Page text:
The Pandemic And College Football: A Look Back At The 1918 Season

This photo is of an undetermined Georgia Tech home game during the 1918 season. The photo was taken by Georgia Tech student Thomas Carter, who would receive a degree in Mechanical Engineering in the 1920s. The photo was provided by Georgia Tech alumnus Andy McNeil. Additional thanks to @GeorgiaTechFB and @CabreraAngel.

Tony Barnhart

The possibility of holding some form of the 2020 college football season during a pandemic has sent folks scurrying to research the 1918 season. That's when the Spanish Flu outbreak ravaged the World. The flu, which came in multiple waves from 1918-1919, killed more than 675,000 in the United States.

Not only was there a deadly pandemic in 1918, but World War I was still winding down. According to a report in the Charleston (S.C.) Post and Courier, 18 schools did not play football in 1918 because of the flu and the war.

While there were some who felt college football should completely shut down because of the pandemic, President Woodrow Wilson felt that football added to the overall morale of the country. As a result, football teams were created at various military posts around the country and actually played against established college teams.

“It would be difficult to overestimate the value of football experience as a part of the soldier’s training,” President Wilson wrote in a letter that was eventually published in 1919.

Many schools were not able to play until late October or early November. The annual Army-Navy game was not played. Many schools played only three or four games.

One of the teams that played almost a complete schedule in 1918 was Georgia Tech, coached by the legendary John Heisman. The Golden Tornadoes, as they were known then, played a seven-game schedule with six of those games played at home at Grant Field.

And despite the threat of the flu, fans turned out at Georgia Tech. The photo that accompanies this story is of an undetermined 1918 Georgia Tech home game that was taken by a student, Thomas Carter, who graduated in the 1920s with a degree in Mechanical Engineering. It’s clear that the vast majority of the spectators in the photo were wearing masks in what published reports said was the peak of the flu in October and November.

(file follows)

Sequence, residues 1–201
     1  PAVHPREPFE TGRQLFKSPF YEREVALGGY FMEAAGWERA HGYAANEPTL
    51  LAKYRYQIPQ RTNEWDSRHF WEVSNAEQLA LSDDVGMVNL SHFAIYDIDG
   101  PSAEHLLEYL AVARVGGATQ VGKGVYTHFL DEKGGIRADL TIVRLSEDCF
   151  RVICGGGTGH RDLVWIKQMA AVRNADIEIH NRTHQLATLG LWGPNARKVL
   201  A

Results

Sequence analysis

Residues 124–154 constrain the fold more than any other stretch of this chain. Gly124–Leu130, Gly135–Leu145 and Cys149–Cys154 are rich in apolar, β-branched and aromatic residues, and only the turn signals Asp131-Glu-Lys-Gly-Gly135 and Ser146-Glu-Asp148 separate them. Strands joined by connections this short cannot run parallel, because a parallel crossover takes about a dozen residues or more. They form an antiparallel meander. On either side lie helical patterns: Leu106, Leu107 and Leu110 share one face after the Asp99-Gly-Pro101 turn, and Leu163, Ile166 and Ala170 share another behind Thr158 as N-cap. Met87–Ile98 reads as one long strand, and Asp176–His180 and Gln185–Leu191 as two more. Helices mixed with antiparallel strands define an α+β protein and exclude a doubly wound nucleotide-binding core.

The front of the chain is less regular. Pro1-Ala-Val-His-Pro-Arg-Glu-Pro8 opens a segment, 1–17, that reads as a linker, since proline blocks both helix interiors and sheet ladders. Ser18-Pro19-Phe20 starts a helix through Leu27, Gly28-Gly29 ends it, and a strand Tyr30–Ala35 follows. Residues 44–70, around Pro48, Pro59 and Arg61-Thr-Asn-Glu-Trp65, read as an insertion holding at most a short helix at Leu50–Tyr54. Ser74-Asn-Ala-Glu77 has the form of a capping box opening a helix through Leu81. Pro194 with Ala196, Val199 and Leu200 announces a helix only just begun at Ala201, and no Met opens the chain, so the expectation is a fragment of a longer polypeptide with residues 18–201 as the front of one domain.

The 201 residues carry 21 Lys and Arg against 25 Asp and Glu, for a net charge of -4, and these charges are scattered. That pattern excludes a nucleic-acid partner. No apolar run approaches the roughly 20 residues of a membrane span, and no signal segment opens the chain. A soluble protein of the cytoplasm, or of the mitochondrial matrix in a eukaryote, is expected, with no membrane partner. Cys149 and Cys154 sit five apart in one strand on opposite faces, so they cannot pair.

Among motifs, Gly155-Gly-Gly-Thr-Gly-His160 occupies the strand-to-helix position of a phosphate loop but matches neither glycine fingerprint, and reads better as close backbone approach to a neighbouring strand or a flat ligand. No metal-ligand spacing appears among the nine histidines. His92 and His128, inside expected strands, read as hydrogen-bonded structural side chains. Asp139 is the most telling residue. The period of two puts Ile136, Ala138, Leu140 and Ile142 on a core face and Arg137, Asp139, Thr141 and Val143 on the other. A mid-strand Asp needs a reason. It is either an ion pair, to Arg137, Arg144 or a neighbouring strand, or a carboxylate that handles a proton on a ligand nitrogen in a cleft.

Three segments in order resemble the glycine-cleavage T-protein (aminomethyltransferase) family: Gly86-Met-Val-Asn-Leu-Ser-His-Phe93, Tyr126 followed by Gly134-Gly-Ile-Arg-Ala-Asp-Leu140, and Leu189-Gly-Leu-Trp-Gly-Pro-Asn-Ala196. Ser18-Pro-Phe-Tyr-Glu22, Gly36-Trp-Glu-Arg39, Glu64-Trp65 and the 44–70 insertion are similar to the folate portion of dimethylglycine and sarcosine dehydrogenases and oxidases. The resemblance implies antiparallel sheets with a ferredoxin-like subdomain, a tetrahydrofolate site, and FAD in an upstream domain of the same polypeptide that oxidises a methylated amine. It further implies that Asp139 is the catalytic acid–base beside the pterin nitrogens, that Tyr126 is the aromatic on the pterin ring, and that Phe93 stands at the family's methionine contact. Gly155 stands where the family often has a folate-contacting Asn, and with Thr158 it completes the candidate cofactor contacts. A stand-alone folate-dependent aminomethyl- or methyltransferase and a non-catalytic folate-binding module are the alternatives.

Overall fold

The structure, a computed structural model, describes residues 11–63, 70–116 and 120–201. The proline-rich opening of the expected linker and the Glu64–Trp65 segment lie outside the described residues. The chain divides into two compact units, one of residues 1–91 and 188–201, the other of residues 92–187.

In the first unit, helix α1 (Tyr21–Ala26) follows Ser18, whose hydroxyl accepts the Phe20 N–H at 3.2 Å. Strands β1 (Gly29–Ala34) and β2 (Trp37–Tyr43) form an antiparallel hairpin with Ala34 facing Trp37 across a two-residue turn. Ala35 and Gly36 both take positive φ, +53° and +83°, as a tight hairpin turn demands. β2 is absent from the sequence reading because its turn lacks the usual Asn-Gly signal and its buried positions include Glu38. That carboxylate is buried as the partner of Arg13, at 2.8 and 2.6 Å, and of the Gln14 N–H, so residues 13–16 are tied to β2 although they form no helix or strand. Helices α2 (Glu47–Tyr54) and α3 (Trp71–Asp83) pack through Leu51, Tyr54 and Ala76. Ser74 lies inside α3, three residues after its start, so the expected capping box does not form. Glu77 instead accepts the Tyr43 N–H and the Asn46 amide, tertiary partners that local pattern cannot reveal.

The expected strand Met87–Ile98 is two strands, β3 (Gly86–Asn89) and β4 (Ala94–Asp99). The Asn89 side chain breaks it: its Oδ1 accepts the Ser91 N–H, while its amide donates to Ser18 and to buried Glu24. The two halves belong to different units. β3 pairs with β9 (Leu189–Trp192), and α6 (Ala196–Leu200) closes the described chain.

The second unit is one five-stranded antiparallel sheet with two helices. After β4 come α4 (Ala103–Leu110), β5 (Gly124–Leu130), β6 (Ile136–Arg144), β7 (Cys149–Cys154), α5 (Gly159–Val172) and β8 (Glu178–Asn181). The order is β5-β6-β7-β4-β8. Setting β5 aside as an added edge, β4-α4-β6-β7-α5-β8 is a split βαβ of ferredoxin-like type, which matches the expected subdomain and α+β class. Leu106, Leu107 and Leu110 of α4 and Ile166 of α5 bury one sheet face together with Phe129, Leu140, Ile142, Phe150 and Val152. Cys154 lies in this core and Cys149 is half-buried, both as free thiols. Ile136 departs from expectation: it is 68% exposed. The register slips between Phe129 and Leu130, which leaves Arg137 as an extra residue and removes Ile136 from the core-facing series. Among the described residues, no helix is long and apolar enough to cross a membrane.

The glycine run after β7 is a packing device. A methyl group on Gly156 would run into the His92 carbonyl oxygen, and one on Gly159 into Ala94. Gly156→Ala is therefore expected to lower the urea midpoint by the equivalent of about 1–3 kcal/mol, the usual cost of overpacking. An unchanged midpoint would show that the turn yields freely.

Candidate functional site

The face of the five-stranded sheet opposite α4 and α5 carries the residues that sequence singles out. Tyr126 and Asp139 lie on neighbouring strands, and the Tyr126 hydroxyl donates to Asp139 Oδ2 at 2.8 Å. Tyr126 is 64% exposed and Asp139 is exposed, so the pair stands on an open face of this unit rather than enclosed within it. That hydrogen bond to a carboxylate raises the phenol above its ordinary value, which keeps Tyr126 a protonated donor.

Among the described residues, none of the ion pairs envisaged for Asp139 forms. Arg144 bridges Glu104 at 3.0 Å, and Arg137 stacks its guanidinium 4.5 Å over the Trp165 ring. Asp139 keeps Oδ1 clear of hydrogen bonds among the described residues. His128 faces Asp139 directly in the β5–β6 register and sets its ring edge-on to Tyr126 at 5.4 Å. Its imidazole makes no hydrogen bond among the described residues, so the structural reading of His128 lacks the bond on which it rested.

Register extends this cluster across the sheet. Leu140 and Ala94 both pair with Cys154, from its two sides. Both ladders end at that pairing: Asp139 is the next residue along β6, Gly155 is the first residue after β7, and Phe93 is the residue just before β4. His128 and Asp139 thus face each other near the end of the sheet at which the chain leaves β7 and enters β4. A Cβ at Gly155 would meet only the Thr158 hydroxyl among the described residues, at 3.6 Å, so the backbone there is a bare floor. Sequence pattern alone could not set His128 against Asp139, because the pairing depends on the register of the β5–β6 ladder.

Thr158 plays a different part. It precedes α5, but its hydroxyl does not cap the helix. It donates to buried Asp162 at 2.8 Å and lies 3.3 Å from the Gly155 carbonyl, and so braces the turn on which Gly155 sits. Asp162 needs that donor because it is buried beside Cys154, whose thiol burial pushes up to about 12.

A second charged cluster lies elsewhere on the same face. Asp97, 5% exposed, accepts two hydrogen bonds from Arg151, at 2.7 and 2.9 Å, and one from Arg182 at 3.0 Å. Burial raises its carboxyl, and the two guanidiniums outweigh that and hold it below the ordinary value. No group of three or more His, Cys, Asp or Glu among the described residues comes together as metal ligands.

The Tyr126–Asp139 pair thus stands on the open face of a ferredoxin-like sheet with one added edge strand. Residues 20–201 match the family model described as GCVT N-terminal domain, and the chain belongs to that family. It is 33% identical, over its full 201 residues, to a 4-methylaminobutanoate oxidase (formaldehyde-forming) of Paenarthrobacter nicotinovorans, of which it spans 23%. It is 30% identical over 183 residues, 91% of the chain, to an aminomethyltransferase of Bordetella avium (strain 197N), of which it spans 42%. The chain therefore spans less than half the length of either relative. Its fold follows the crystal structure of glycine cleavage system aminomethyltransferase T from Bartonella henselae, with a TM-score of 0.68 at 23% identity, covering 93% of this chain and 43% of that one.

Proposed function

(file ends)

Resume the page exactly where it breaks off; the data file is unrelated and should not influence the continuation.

Georgia Tech, which had won the national championship the year before, did not start its season until Oct. 5. And when it started playing there was no slowing down the Golden Tornadoes. They beat Furman 118-0, The Oglethorpe 11th Calvary 123-0 (in a game that was stopped after the third quarter), and N.C. State 128-0.

In fact, Georgia Tech outscored its first five opponents 425-0.

Heisman, as you might recall,  was never bashful about running up the score as his 1916 team beat Cumberland 222-0 in the most lopsided game in NCAA history. Georgia Tech led that game 126-0 at halftime.

The biggest game of the season came when Georgia Tech, 5-0 and on a 33-game winning streak, went to Pittsburgh to play the Panthers of Pop Warner, who had a 30-game winning streak. Pittsburgh won 32-0 at Forbes Field before a crowd of 30,000. The game was played to benefit military charities.

That game was on Sunday, Nov. 23. Five days later, on the Friday after Thanksgiving, Georgia Tech closed out its season with a 41-0 win over Auburn at Grant Field.

A Georgia Tech game that was scheduled with Pennsylvania was cancelled when the Spanish flu went through Philadelphia.

There was a Rose Bowl after the 1918 season, but back then it was called the Tournament East-West game. With so many teams lacking players because of the war, the game was scheduled between two military institutions that had fielded team, Great Lakes Navy of Illinois and Mare Island Marines of California. Great Lakes Navy won 17-0. The MVP of the game was George Halas, a future Hall of Fame coach of the Chicago Bears.

According to records 25,000 attended the game.

So here we are, about 115 days from the start of college football season, wondering if the games of 2020 will, in fact, be played. And if the games are played, will there be fans in the seats? And if there are fans in the seats, would they be willing to wear masks as they did in 1918?

We certainly don't know. We just know that the world has changed a lot since 1918,

Stay tuned.

Comments (3)
No. 1-2
wamcneil15
wamcneil15

Thanks for choosing my great grandfather’s picture! We still cannot determine what game it was, but here is a shot of the teams on Grant Field that day. Happy to discuss further - I drove the Ramblin’ Reck my senior year (2001), so my family has all kinds of GT connections!


Tony Barnhart

FEATURED
COMMUNITY